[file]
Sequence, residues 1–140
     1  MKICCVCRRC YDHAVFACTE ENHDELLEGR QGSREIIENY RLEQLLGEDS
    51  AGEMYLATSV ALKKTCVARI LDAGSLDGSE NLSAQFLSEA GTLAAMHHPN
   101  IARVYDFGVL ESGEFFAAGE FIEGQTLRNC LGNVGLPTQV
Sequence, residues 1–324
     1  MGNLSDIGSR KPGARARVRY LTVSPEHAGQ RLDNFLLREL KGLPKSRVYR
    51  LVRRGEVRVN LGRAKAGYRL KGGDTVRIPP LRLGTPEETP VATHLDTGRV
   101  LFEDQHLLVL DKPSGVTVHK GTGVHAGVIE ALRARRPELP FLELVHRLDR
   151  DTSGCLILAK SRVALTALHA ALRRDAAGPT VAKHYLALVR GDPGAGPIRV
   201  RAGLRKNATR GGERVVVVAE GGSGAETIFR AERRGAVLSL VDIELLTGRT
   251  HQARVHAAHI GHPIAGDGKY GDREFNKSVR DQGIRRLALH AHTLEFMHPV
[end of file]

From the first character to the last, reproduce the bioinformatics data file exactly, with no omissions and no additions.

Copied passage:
Sequence, residues 1–140
     1  MKICCVCRRC YDHAVFACTE ENHDELLEGR QGSREIIENY RLEQLLGEDS
    51  AGEMYLATSV ALKKTCVARI LDAGSLDGSE NLSAQFLSEA GTLAAMHHPN
   101  IARVYDFGVL ESGEFFAAGE FIEGQTLRNC LGNVGLPTQV
Sequence, residues 1–324
     1  MGNLSDIGSR KPGARARVRY LTVSPEHAGQ RLDNFLLREL KGLPKSRVYR
    51  LVRRGEVRVN LGRAKAGYRL KGGDTVRIPP LRLGTPEETP VATHLDTGRV
   101  LFEDQHLLVL DKPSGVTVHK GTGVHAGVIE ALRARRPELP FLELVHRLDR
   151  DTSGCLILAK SRVALTALHA ALRRDAAGPT VAKHYLALVR GDPGAGPIRV
   201  RAGLRKNATR GGERVVVVAE GGSGAETIFR AERRGAVLSL VDIELLTGRT
   251  HQARVHAAHI GHPIAGDGKY GDREFNKSVR DQGIRRLALH AHTLEFMHPV